As scientists worldwide are racing towards a vaccine against Covid-19 infection, experts are warning us that this may take a long time – and that a vaccine may still not be effective enough, as there is no certainty that the vaccine will elicit a lasting response from the immune system.
But now, some of that uncertainty has been alleviated slightly by Dr Alessandro Sette and Shane Crotty at the La Jolla Institute for Immunology.
Their new study was published on 14 May 2020 in the journal Cell and documents a robust antiviral immune response to SARS-Cov-2 according to a news release. The research found that the body’s immune response is able to recognise the SARS-Cov-2 pathogen in a number of ways – which means that we don’t have to be scared that a vaccine will cause an unwanted response from our immune system.
Good news for vaccine development
"If we had seen only marginal immune responses, we would have been concerned, but what we see is a very robust T-cell response against the spike protein, which is the target of most ongoing Covid-19 efforts, as well as other viral proteins. These findings are really good news for vaccine development," said Dr Sette in a news statement.
"All efforts to predict the best vaccine candidates and fine-tune pandemic control measures hinge on understanding the immune response to the virus. People were really worried that Covid-19 doesn't induce immunity, and reports about people getting re-infected reinforced these concerns, but knowing now that the average person makes a solid immune response should largely put those concerns to rest,” stated Crotty.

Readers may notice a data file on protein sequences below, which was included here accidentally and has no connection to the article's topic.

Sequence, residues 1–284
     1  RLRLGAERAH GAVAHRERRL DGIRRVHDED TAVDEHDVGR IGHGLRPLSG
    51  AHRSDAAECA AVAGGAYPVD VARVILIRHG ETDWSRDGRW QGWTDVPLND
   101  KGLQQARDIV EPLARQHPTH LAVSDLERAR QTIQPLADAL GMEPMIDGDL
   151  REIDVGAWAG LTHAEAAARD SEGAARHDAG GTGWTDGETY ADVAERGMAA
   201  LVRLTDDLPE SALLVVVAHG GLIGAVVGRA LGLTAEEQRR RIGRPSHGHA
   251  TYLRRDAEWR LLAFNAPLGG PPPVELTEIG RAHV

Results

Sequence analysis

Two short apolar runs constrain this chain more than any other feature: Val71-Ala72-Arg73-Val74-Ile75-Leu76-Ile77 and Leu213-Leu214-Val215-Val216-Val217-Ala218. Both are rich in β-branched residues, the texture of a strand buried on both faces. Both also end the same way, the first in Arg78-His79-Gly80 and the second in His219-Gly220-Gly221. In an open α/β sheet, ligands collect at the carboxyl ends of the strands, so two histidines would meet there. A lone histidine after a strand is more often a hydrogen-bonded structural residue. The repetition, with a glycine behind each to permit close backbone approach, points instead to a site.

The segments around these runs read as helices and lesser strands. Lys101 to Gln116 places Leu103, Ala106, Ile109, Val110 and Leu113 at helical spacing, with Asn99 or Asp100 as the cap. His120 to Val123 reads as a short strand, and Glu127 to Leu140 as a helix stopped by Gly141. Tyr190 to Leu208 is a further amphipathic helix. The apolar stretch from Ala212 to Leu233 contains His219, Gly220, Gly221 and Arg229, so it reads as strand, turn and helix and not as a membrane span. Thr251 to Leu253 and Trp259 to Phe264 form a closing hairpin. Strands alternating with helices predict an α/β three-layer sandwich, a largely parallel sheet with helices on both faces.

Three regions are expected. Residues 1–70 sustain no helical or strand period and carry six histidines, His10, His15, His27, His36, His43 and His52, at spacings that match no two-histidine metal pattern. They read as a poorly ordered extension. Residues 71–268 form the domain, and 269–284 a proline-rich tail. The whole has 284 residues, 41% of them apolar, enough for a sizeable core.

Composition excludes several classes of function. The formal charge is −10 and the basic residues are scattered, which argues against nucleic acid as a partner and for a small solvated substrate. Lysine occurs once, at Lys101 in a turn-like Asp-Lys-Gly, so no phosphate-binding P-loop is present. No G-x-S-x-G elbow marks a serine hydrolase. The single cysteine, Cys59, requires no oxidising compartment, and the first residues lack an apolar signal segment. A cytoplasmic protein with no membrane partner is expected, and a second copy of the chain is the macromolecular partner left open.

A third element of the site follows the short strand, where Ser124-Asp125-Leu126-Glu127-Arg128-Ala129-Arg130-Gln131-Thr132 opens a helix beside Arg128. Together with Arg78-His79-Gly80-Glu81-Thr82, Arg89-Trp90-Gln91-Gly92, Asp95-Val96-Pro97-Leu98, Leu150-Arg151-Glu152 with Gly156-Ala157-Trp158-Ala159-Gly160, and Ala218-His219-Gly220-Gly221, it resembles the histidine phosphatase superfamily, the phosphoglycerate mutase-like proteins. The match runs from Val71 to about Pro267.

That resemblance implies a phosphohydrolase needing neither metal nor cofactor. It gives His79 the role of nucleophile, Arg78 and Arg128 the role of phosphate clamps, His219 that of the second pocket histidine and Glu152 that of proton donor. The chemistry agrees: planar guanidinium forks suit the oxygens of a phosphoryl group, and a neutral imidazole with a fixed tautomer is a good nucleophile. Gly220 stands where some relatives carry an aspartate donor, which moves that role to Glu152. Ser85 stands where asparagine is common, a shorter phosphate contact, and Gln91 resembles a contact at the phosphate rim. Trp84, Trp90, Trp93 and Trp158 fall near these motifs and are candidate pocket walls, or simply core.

What the research entailed
Sette and his team of researchers made use of bioinformatics tools to help predict which fragments of SARS-CoV-2 will be able to activate T-cells in earlier research.
In the latest research, the team isolated T-cells from adults who recently recovered from mild Covid-19. They then wanted to determine whether these T-cells could recognise the so-called predicted protein fragments from the virus itself.
"We specifically chose to study people who had a normal disease course and didn't require hospitalisation to provide a solid benchmark for what a normal immune response looks like, since the virus can do some very unusual things in some people," says Sette.
All the patients had solid responses from their T-cells, which means that they were able to produce adequate antibodies.
This means that the virus induced exactly what they wanted to see from a successful antiviral response, according to Crotty.
A solid foundation
The research results don’t suggest that people will not have any negative immune responses, but it’s a solid, important baseline for the future.
"We have a solid starting foundation to now ask whether there's a difference in the type of immune response in people who have severe outcomes and require hospitalisation versus people who can recover at home or are even asymptomatic," stated Sette.
"But not only that; we now have an important tool to determine whether the immune response in people who have received an experimental vaccine resembles what you would expect to see in a protective immune response to Covid-19, as opposed to an insufficient or detrimental response."